Ooops. I thought you wanted to find duplicate files. Don't ask why. I don't know. All right then.
You can use the stat command as you mentioned in your original post. The following example shows a stat for /etc/passwd and for ~/.bashrc. These files on on different partitions of the same disk.
Size: 101 Blocks: 2 IO Block: 4096 regular file
Device: fc00h/64512d Inode: 4712796 Links: 1
Access: (0600/-rw-------) Uid: ( 1001/ melvin) Gid: ( 1001/ melvin)
Access: 2007-09-12 14:55:35.000000000 -0400
Modify: 2007-05-27 17:48:36.000000000 -0400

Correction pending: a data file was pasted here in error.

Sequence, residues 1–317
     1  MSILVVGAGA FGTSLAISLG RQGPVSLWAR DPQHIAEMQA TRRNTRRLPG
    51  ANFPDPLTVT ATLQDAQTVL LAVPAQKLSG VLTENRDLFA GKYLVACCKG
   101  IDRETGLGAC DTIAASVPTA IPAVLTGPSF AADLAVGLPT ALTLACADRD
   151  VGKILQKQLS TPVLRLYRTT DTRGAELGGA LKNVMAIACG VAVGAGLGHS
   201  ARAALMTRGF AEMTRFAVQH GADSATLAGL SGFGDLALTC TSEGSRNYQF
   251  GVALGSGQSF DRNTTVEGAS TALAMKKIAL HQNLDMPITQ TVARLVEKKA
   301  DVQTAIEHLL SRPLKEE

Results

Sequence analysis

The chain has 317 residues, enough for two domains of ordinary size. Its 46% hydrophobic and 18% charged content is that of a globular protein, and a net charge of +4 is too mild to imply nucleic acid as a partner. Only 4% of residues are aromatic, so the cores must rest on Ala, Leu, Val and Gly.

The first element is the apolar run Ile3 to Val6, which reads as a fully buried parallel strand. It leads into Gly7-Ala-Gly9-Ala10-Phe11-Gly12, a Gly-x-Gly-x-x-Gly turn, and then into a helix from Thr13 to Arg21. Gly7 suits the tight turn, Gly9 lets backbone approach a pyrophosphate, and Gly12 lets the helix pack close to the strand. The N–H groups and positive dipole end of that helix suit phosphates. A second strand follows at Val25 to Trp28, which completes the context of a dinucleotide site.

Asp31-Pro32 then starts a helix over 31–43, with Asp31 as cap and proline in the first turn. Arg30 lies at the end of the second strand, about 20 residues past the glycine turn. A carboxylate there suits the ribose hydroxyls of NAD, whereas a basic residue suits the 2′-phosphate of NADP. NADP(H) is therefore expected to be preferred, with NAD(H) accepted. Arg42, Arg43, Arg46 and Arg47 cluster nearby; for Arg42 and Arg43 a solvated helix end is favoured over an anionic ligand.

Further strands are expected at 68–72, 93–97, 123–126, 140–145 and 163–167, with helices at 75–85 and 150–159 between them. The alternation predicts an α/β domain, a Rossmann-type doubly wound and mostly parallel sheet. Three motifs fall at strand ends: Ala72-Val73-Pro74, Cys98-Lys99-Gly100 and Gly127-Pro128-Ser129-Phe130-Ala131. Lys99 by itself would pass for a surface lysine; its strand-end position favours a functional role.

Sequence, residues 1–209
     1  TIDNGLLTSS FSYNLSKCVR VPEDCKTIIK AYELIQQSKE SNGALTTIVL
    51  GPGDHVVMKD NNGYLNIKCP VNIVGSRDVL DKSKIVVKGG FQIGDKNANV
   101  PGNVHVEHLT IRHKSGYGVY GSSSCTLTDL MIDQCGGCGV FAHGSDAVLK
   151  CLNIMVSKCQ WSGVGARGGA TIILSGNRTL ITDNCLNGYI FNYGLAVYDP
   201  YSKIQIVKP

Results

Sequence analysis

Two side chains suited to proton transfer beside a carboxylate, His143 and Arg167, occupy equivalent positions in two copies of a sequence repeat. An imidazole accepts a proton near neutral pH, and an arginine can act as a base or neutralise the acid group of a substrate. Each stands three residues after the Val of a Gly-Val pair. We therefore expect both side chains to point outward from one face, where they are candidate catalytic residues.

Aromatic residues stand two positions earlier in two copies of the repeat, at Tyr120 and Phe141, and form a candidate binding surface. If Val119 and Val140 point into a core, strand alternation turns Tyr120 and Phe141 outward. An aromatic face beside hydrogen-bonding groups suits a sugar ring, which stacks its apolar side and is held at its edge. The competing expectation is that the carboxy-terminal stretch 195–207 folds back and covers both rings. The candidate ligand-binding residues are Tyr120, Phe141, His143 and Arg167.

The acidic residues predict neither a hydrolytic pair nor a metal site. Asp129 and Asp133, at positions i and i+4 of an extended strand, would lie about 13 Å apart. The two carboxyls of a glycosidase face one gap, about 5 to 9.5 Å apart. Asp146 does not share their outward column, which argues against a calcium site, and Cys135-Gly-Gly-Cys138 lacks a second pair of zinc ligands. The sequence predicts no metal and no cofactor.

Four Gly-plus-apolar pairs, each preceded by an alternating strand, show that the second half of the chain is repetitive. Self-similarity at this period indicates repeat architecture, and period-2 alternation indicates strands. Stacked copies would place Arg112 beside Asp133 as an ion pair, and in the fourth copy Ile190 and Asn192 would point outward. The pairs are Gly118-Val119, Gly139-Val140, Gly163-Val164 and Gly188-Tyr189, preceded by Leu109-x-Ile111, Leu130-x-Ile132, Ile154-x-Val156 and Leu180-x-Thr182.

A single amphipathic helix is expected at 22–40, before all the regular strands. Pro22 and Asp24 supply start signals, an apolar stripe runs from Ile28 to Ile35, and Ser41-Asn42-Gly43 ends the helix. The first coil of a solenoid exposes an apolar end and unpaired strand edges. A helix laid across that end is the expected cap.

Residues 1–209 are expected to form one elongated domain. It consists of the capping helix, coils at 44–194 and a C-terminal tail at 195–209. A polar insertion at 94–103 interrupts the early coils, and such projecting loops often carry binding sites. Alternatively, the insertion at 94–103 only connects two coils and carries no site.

Change: 2007-06-10 11:17:01.000000000 -0400
Size: 1793 Blocks: 8 IO Block: 4096 regular file
Device: 303h/771d Inode: 422733 Links: 1
Access: (0644/-rw-r--r--) Uid: ( 0/ root) Gid: ( 0/ root)
Access: 2007-09-12 21:08:42.000000000 -0400
Modify: 2007-08-23 20:27:32.000000000 -0400
Change: 2007-08-23 20:27:32.000000000 -0400
You can see that the device identifier is different for each file. The same thing is true for soft links on different partitions.
Hard links have got to reside on the same partition/file system. Hard links are exactly the same as all other hard links pointing to the same file so they do not need to be dereferenced. The inode number will be the same in all hard links pointing to the same file.